One of the most egregious moves an athlete can make on the basketball court is to flop. It is likely the most despised move in basketball because of its intent.
The entire purpose of flopping is to fool referees into believing a foul occurred, when, in effect, what the player did was over-exaggerate minor physical contact with another player with the idea of trying to sway a call in their favor.
Flopping, as it is aptly described, is frowned upon in basketball . Now, Dallas Mavericks owner Mark Cuban is attempting to do something about it.
A Cuban-owned company, Radical Hoops Ltd., recently awarded a grant of over $100,000 to SMU to fund an 18-month research study of flopping in basketball and other sports. Peter G. Weyand, an associate professor of applied physiology and biomechanics in the SMU Annette Caldwell Simmons School of Education and Human Development, said the objective of the research is to investigate forces that are involved during a typical basketball collision.
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“The issues of collisional forces, balance and control in these types of athletic settings are largely uninvestigated,” Weyand said. “There has been a lot of research into balance and falls in the elderly, but relatively little on active adults and athletes.”
Thanks to Cuban, now there will be. And the NBA and its fans are probably commending the Mavericks owner’s efforts.
For the first time this season the NBA adopted an anti-flopping rule, with players first receiving a warning for committing the infraction, then being fined $5,000 if they are a repeat offender. The problem with the rule, even according to NBA Commissioner David Stern, is the fine is too low.
“It isn’t enough,” Stern said. “You’re not going to cause somebody to stop it for $5,000 when the average player’s salary is $5.5 million.
“And anyone who thought that was going to happen was allowing hope to prevail over reason. But you take a step and you begin to see it, and I think the cause was not so much mine as it was our fans who would like not to see that policy.”
Stern believes the NBA Competition Committee and the Board of Governors must get back to the bargaining table this summer and come out with more stringent rules to better enforce anti-flopping measures, or else the practice might get completely out of hand.
“We knew that flopping was going to be far from perfect and we gather more attention because we were giving it more attention,” Stern said. “But the point was to do it gently, look at all the flops — and there have been plenty — penalize the most egregious very gently.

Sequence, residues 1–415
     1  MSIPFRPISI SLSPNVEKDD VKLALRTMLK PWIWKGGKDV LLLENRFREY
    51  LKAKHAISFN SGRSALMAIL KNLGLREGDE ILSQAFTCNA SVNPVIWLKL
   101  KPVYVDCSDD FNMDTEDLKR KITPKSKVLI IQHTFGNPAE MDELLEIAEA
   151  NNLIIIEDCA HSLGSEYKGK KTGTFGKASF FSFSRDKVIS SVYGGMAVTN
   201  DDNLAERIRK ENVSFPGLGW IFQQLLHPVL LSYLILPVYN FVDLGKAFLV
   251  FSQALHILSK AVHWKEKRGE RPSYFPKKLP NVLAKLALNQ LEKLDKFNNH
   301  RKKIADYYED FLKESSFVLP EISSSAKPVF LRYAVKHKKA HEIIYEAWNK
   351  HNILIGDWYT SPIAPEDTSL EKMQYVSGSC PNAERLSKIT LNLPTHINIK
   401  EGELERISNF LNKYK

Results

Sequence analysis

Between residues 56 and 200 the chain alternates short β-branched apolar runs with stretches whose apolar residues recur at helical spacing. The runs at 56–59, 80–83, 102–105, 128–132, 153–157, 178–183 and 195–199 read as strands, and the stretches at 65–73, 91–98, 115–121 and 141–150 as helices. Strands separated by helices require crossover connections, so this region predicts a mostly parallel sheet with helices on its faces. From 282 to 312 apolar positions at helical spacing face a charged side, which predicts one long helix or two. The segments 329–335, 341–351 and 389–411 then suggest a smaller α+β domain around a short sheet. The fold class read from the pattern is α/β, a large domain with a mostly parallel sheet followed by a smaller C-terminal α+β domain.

“We could end that immediately if we decided to suspend players, but that might be a little bit draconian at the moment. And so it’s going to be up to the board and the competition committee to decide how much they want to do.”
Unfortunately, Mavericks forward Dirk Nowitzki doesn’t believe there’s much anyone can do to eradicate flopping. He knows if a game is on the line, a player probably will flop in a crucial situation if he knows he can trick the referees into giving him a call that will help his team win the game.
“Honestly, I think we’re never going to get rid of [flopping], but you’ve got to limit it,” Nowitzki said. “I think it’s also a part of sports — any sport you look at, it’s part of winning.
“Some people are smart and you do a little extra thing to kind of sell the call. To me, that’s part of sport.”
While Nowitzki views flopping as a strategic part of the game that’s here to stay, he detests players who dramatize and elevate flopping to a new and ugly level.
“You don’t want the obvious ones, the really, really bad ones,” Nowitzki said. “I think we’d love to get rid of those.
“But if someone really does get shoved and hit a little bit, just to sell it a little bit for the referees so he does get the call, I don’t have a problem with that. I think that’s part of the game. But the really obvious one where there’s nothing happening or he doesn’t even get hit and then you fall down, I think, yeah, we do need to get rid of those.”
Even without the funding Cuban has provided the SMU research team, Stern said that the NBA already has enough information to slow down — or completely prevent — players from flopping.
“I think we have the data,” Stern said. “I don’t know if we have the stomach.
“And we’ll have to see what happens with the competition committee and the board.”